Should you invest in the stock of your own company through your 401(k) or other retirement plan? It makes perfect sense because you’re effectively betting on yourself.
To sweeten the deal, you might be able to buy the stock at a substantial discount. Go right ahead, but don’t put all of your eggs in one basket.
Best of all, you may be in line for a future tax bonanza.
Strategy: When you’re ready to retire, keep the payout in the form of company stock. Don’t convert it to cash or other securities.
Here’s why: Thanks to a giant loophole in the tax law, you only have to pay tax on the original cost of the stock. In other words, there’s no tax due on the appreciation in value—called the “net unrealized appreciation” (NUA)—that has occurred from the time you acquired the stock. The payout comprising the company stock is 100% tax-free until, if ever, you sell your shares!
Icing on the cake: Any subsequent gain on the NUA is treated as long-term capital gain as long as you’ve held the stock for more than one year. Currently, the maximum tax rate on long-term capital gain is only 15%. (The maximum tax rate is scheduled to increase to 20% in 2013.)
Therefore, you can emerge a double tax winner: once when you leave the company and again when the stock is sold.
Example: Say you founded your own company a couple of decades ago. Over the years, you’ve acquired 20,000 shares of stock through your retirement plan. The shares are currently worth $1 million. The stock originally was $5 a share; now it’s valued at $50 a share.
If you sell the stock and take a cash payout, you’ll receive $1 million when you retire. Not bad at all. But the entire payout will be taxed as ordinary income. That means, assuming you’re in the 35% tax bracket in the year of retirement, you’ll have to pay a hefty federal income tax bill of $350,000.
Now let’s see what happens if you take a distribution in the form of company stock. You will be taxed at ordinary income rates on the original cost of $100,000 (20,000 shares at $5 a share). Therefore, your federal income tax bill is $35,000 (35% x $100,000). Then you can turn around and sell the stock at $50 a share for a total of $1 million (20,000 shares x $50 a share).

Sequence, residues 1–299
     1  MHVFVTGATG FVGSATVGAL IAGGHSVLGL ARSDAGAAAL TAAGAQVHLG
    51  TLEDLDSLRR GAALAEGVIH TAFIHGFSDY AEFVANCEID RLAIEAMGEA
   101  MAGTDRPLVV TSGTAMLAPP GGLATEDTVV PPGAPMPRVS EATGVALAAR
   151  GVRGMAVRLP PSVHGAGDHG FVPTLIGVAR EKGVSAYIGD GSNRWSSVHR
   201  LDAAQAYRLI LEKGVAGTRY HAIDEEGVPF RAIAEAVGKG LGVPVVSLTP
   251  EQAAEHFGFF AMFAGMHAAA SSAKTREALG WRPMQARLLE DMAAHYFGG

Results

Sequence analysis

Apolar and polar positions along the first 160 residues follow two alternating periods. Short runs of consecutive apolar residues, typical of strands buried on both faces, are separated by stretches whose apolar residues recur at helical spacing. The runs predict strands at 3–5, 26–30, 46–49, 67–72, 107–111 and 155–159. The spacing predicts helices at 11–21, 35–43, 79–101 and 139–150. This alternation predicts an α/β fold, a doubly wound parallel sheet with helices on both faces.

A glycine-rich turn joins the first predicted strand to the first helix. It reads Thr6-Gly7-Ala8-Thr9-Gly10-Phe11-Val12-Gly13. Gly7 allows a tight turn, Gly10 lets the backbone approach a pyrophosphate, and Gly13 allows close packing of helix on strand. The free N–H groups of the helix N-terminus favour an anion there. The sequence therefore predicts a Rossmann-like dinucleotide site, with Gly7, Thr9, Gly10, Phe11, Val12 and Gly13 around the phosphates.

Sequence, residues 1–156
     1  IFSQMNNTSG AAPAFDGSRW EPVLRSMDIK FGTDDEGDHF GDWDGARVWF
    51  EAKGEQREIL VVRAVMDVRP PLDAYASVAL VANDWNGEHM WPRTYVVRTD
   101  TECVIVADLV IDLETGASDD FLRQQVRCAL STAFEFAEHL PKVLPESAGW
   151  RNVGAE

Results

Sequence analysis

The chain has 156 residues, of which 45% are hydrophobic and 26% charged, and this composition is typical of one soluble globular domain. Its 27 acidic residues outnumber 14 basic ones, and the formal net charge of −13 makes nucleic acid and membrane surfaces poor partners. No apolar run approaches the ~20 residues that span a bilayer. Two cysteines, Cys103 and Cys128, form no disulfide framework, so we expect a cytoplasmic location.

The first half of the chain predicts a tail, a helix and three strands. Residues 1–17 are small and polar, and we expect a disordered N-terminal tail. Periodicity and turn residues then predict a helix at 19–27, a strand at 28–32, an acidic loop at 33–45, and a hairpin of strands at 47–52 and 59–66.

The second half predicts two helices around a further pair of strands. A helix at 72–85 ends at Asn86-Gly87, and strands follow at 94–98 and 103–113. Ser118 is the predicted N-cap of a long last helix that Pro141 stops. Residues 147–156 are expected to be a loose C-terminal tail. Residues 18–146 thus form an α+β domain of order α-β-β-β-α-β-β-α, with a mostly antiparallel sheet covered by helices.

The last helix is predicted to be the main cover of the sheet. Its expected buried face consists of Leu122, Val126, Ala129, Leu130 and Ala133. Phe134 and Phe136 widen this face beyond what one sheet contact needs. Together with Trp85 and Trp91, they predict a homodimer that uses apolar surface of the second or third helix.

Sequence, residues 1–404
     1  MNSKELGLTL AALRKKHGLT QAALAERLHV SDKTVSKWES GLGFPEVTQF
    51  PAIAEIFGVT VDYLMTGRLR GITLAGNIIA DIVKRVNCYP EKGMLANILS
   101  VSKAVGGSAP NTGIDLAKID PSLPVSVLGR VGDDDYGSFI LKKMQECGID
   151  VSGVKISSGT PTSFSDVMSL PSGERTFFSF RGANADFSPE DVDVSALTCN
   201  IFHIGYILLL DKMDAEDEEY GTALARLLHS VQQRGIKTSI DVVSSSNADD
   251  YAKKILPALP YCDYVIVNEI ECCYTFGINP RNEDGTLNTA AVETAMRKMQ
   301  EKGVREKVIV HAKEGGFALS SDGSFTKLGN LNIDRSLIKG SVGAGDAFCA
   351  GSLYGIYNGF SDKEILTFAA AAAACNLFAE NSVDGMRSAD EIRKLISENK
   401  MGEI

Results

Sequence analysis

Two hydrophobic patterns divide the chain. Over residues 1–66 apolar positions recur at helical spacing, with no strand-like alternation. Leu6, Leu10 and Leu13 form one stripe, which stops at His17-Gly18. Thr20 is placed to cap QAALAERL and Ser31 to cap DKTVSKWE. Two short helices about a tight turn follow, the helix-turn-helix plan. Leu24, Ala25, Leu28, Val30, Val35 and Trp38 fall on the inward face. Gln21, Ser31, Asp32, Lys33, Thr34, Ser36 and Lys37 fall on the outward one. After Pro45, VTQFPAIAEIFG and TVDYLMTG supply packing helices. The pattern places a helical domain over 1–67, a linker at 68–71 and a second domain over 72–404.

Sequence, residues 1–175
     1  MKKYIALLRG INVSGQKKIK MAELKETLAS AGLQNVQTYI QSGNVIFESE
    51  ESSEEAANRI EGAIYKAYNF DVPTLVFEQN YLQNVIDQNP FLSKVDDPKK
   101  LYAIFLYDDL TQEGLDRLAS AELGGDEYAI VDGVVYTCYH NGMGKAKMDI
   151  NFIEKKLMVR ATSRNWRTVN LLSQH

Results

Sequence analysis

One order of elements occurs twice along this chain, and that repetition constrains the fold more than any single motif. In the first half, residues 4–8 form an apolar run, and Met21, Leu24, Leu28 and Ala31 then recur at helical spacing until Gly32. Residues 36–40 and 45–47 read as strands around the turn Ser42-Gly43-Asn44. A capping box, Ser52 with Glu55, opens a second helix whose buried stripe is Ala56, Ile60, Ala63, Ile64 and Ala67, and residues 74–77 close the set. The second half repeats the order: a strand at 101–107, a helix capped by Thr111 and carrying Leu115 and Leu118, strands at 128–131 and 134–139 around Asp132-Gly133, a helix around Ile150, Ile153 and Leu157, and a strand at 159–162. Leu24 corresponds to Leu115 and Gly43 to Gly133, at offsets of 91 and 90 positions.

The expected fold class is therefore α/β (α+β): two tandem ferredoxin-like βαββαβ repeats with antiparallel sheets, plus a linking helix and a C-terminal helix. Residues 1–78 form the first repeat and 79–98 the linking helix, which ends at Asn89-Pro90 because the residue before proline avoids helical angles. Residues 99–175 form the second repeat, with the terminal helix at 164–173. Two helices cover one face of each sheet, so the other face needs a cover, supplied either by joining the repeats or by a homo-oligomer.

With a 15% capital gains rate, the tax on the $900,000 of NUA is $135,000 (15% x $900,000). Here’s how things look overall:
Original basis $100,000
Tax on basis $ 35,000
Tax on NUA $135,000
Total tax $170,000
Payoff: Taking this approach saves you a whopping $180,000 in tax on your retirement plan payout ($350,000 compared to $170,000).
In the past, Congress has threatened to close the gaping tax loophole for NUA, but so far it has managed to survive every challenge. Nevertheless, if proposals to eliminate or reduce this tax break are revived, which is a likely scenario, you may be encouraged to retire sooner rather than later.
Alternatively, you might choose to roll over a cash distribution into an IRA. This maneuver enables you to spread out tax as distributions are received over the course of time. However, the payments are then taxed at ordinary income rates. Saving grace: Usually, your top tax rate in retirement will be lower than your current tax rate for ordinary income.
Tip: IRA distributions are mandatory after you reach age 70½. In contrast, there’s no such requirement for the portion of a retirement payout comprised of company stock.
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